% Completely or Very Satisfied: Overall Satisfaction

County: 56.1%

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State: 58.5%

Nation: 58.2%

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% Completely or Very Satisfied: Overall Satisfaction with Care

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County: 62.2%

State: 60.5%

Nation: 62.5%

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% Completely or Very Satisfied: Access to Needed Care

County: 62.4%

State: 59.9%

Nation: 63.1%

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% Completely or Very Satisfied: Ease of Choosing a Personal Doctor

County: 55.6%

State: 55.1%

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Nation: 60.6%

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% Completely or Very Satisfied: Access to Needed Specialty Care

County: 62.5%

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State: 56.4%

Nation: 61.8%

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% Excellent or Very Good: Types of Services Covered

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County: 62.3%

State: 57.6%

Nation: 57.5%

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% Excellent or Very Good: Cost to Belong to Plan

County: 50.0%

State: 51.7%

Nation: 46.3%

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% Excellent or Very Good: Out of Pocket Expenses

County: 53.1%

State: 52.0%

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Nation: 45.0%

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% Definitely or Probably: Would Recommend Plan to Friends

County: 81.4%

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State: 81.3%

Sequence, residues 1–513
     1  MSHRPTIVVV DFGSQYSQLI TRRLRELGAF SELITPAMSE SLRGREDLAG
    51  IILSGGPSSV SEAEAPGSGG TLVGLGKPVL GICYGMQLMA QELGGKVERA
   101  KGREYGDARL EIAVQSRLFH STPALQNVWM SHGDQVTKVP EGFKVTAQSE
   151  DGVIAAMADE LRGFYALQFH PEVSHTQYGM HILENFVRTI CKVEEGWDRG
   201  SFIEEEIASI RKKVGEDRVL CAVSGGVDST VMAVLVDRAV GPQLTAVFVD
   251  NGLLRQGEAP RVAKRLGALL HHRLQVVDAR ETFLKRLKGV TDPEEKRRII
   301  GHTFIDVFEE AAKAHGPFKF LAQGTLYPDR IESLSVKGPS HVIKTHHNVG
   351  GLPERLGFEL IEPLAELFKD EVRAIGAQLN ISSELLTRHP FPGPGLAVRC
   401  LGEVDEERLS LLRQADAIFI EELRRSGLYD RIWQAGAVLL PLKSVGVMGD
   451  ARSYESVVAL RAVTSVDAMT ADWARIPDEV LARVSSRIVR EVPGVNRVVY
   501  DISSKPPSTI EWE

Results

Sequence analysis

Nation: 81.8%

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% Definitely or Probably: Don’t Intend to Switch to Plans

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County: 79.4%

State: 82.1%

Nation: 83.1%

Source: National Research Corp, 1997 poll.

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Patient Satisfaction by Health Plan

Ventura County households are generally more satisfied with their health care when it is provided by traditional fee-for-service plans or Preferred Provider Organization plans. They offer greater freedom when choosing primary physicians and specialists, but at a higher price. Patients enrolled in HMO plans are more satisfied with health insurance costs. In fact, a higher rate of fee-for-service and PPO enrollees intend to change plans than do those in HMO plans.

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% Completely or Very Satisfied: Overall Satisfaction with Plan

FFS: 73.1%

PPO: 63.9%

HMO: 55.6%

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% Completely or Very Satisfied: Overall Satisfaction with Care

FFS: 77.8%

PPO: 70.7%

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HMO: 61.7%

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% Completely or Very Satisfied: Access to Needed Care

FFS: 66.3%

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PPO: 80.5%

HMO: 55.8%

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% Completely or Very Satisfied: Ease of Choosing a Personal Doctor

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FFS: 65.9%

PPO: 75.1%

HMO: 55.8%

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% Completely or Very Satisfied: Access to Needed Specialty Care

FFS: 64.5%

PPO: 77.0%

HMO: 52.3%

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% Excellent or Very Good: Types of Services Covered

FFS: 64.4%

PPO: 76.3%

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HMO: 56.3%